port no mac addr                is local?       ageing timer
  2     06:81:88:12:5d:dc       yes                0.00
  2     06:81:88:12:5d:dc       yes                0.00
  4     12:58:a6:73:6c:6e       yes                0.00
  4     12:58:a6:73:6c:6e       yes                0.00
  4     2e:75:26:04:a9:70       no                12.48
  1     52:9b:43:56:37:df       yes                0.00
  1     52:9b:43:56:37:df       yes                0.00
  3     56:d6:b2:80:9a:de       yes                0.00
  3     56:d6:b2:80:9a:de       yes                0.00
  6     8a:1e:62:e8:f3:c3       no                12.48
  2     96:e8:d1:2c:b8:ad       no                 8.94
  5     b6:e9:ef:3d:1c:b7       yes                0.00
  6     b6:e9:ef:3d:1c:b7       yes                0.00
  5     b6:e9:ef:3d:1c:b7       yes                0.00
  5     b6:e9:ef:3d:1c:b7       yes                0.00
  5     ce:48:c6:8c:ee:1a       no                 8.94
netns3:~ # 

Obviously, our bridges learn during pings ...

Check of the independence of VLAN definitions on bry

Just for fun: Let us change the PVID/VID setting on bry:

# Changing PVID/VID in bry 
nsenter -t $pid_netns8 -u -n /bin/bash
bridge vlan add vid 36 pvid untagged dev veth68
bridge vlan add vid 46 pvid untagged dev veth78
bridge vlan add vid 36 pvid untagged dev vethy.50
bridge vlan add vid 46 pvid untagged dev vethy.60
bridge vlan del vid 10 dev vethy.50
bridge vlan del vid 10 dev veth68
bridge vlan del vid 20 dev vethy.60
bridge vlan del vid 20 dev veth78
bridge vlan show
exit

This leads to:

netns8:~ # bridge vlan show
port    vlan ids
veth68   36 PVID Egress Untagged

veth78   46 PVID Egress Untagged

bry     None
vethy.50         36 PVID Egress Untagged

vethy.60         46 Egress Untagged

But still:

netns2:~ # ping 192.168.5.7 -c2
PING 192.168.5.7 (192.168.5.7) 56(84) bytes of data.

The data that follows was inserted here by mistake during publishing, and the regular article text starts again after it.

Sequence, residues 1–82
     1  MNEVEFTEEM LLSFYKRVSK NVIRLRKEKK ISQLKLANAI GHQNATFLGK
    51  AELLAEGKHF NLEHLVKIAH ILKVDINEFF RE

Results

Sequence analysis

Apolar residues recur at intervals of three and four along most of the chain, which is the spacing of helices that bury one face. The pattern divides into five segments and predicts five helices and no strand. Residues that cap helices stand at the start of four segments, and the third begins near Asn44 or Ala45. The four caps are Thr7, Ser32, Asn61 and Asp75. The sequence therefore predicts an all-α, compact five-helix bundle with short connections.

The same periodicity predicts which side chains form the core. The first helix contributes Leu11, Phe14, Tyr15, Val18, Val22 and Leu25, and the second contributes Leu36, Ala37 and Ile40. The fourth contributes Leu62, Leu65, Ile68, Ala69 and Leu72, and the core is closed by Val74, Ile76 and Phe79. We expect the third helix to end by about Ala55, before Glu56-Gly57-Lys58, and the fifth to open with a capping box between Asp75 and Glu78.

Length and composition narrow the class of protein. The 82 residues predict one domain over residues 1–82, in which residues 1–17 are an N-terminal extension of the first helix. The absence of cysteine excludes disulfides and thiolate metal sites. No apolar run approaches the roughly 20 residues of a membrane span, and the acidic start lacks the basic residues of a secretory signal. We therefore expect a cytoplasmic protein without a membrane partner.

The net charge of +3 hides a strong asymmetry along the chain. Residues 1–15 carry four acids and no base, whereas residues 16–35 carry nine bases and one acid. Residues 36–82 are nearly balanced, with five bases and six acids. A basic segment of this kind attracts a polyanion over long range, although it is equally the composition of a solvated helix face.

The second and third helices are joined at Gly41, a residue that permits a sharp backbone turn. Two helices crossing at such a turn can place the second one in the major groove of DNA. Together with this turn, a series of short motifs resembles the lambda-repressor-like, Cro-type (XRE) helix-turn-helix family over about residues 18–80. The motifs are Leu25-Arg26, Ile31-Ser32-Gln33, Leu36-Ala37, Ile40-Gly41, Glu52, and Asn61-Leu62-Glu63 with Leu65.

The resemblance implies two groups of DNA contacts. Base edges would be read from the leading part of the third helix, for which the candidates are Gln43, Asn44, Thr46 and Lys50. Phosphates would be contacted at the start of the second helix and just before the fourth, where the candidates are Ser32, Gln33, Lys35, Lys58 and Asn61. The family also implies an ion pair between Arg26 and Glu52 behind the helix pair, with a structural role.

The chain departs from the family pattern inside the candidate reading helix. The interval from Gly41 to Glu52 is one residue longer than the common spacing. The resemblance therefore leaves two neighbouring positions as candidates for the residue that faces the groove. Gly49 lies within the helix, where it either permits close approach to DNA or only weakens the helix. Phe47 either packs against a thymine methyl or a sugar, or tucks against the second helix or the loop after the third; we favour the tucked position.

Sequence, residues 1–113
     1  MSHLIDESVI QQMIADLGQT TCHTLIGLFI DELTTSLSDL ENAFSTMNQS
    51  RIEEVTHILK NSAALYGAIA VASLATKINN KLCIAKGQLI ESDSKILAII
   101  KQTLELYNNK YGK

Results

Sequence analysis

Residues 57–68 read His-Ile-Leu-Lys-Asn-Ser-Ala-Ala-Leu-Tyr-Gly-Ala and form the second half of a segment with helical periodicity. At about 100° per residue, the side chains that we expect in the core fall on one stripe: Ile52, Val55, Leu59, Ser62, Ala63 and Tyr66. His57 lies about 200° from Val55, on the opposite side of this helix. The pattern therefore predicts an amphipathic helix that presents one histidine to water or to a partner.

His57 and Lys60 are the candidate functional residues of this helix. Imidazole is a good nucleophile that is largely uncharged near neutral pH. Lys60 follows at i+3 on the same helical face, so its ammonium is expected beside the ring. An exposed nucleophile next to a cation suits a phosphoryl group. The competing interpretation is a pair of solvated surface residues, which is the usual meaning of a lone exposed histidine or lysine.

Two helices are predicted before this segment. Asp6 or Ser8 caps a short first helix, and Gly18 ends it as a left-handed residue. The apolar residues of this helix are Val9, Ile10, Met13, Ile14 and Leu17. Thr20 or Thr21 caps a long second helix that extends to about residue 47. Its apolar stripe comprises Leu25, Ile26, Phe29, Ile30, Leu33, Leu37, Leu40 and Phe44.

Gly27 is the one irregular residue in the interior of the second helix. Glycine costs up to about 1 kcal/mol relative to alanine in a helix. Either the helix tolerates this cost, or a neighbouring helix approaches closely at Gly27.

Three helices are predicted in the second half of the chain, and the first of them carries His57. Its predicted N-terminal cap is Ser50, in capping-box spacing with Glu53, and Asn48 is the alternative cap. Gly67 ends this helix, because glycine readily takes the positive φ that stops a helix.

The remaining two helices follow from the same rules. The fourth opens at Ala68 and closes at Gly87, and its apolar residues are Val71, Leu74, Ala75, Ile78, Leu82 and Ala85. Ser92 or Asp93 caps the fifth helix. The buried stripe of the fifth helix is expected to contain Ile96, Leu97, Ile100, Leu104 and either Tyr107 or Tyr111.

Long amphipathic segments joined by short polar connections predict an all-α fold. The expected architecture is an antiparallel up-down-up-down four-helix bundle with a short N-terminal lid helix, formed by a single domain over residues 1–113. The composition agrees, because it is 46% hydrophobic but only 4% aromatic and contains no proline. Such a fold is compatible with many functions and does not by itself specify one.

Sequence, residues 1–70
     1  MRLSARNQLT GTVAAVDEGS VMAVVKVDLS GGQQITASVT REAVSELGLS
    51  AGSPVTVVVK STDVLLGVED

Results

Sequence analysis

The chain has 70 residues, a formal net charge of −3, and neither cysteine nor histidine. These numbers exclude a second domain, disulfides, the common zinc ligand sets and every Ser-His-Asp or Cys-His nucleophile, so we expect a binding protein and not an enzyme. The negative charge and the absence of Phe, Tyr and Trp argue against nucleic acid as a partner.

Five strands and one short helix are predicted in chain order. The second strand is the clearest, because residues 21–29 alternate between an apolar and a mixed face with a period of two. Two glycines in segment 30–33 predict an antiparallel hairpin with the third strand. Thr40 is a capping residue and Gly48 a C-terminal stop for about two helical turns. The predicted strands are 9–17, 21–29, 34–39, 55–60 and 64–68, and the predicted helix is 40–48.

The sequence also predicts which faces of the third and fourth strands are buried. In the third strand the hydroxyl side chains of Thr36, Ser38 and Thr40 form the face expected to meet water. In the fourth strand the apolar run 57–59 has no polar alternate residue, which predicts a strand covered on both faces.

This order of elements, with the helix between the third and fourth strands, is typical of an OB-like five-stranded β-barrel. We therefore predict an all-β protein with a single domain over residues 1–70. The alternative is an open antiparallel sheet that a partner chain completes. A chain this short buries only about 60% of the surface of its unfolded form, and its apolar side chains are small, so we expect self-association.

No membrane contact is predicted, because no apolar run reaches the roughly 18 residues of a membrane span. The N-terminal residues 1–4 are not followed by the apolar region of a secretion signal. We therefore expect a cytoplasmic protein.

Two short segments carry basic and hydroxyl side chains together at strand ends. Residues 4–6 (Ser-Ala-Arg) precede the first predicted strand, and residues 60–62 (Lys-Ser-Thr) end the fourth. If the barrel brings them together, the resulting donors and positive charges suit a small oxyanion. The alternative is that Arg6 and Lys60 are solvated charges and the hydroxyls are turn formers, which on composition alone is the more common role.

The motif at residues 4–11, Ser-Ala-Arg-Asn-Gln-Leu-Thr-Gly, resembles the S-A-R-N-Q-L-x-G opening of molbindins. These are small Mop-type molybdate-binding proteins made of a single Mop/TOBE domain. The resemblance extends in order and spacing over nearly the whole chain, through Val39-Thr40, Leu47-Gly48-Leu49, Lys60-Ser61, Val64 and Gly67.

From 192.168.5.2 icmp_seq=1 Destination Host Unreachable
From 192.168.5.2 icmp_seq=2 Destination Host Unreachable

--- 192.168.5.7 ping statistics ---
2 packets transmitted, 0 received, +2 errors, 100% packet loss, time 1009ms
pipe 2
netns2:~ # ping 192.168.5.6 -c2
PING 192.168.5.6 (192.168.5.6) 56(84) bytes of data.
64 bytes from 192.168.5.6: icmp_seq=1 ttl=64 time=0.120 ms
64 bytes from 192.168.5.6: icmp_seq=2 ttl=64 time=0.094 ms

--- 192.168.5.6 ping statistics ---
2 packets transmitted, 2 received, 0% packet loss, time 999ms
rtt min/avg/max/mdev = 0.094/0.107/0.120/0.013 ms
netns2:~ # 

Experiment 5.2 - Two virtual VLANs spanning two Linux bridges connected by a veth based trunk line between trunk ports

Now let us look at another way of connecting the bridges. This time we use a real trunk connection without sub-interfaces. We then have to attach vethx directly to brx and vethy directly to bry. NO PVIDs must be used on the respective ports; however the flag "tagged" is required. And compared to the last settings in bry we have to go back to the PVID/VID values of 10, 20.

Our new connection model is displayed in the following graphics:

We need to change the present bridge and bridge port definitions accordingly. The commands, which you can enter at the prompt of your original terminal window are given below:

# Change vethx to trunk like interface in brx 
nsenter -t $pid_netns3 -u -n /bin/bash
brctl delif brx vethx.50
brctl delif brx vethx.60
ip link del dev vethx.50
ip link del dev vethx.60
brctl addif brx vethx
bridge vlan add vid 10 tagged dev vethx
bridge vlan add vid 20 tagged dev vethx
bridge vlan del vid 1 dev vethx
bridge vlan show
exit 

And

# Change vethy to trunk like interface in brx 
nsenter -t $pid_netns8 -u -n /bin/bash
brctl delif bry vethy.50
brctl delif bry vethy.60
ip link del dev vethy.50
ip link del dev vethy.60
brctl addif bry vethy
bridge vlan add vid 10 tagged dev vethy
bridge vlan add vid 20 tagged dev vethy
bridge vlan del vid 1 dev vethy
bridge vlan add vid 10 pvid untagged dev veth68
bridge vlan add vid 20 pvid untagged dev veth78
bridge vlan del vid 36 dev veth68
bridge vlan del vid 46 dev veth78
bridge vlan show
exit 

We get the following bridge/VLAN configurations:

netns8:~ # bridge vlan show                       
port    vlan ids
veth68   10 PVID Egress Untagged

veth78   20 PVID Egress Untagged

bry     None
vethy    10
         20

and

netns3:~ # bridge vlan show
port    vlan ids
veth13   10 PVID Egress Untagged

veth23   10 PVID Egress Untagged

veth43   20 PVID Egress Untagged

veth53   20 PVID Egress Untagged

brx     None
vethx    10
         20

Testing 2 VLANs spanning two bridges/Hosts with a trunk connection

We test by pinging from netns7:

netns7:~ # ping 192.168.5.1 -c2
PING 192.168.5.1 (192.168.5.1) 56(84) bytes of data.
From 192.168.5.7 icmp_seq=1 Destination Host Unreachable
From 192.168.5.7 icmp_seq=2 Destination Host Unreachable

--- 192.168.5.1 ping statistics ---
2 packets transmitted, 0 received, +2 errors, 100% packet loss, time 999ms
pipe 2
netns7:~ # 

This gives at the bridge device bry in netns8:

netns8:~ # tcpdump -n -i bry  host 192.168.5.1 -e
tcpdump: verbose output suppressed, use -v or -vv for full protocol decode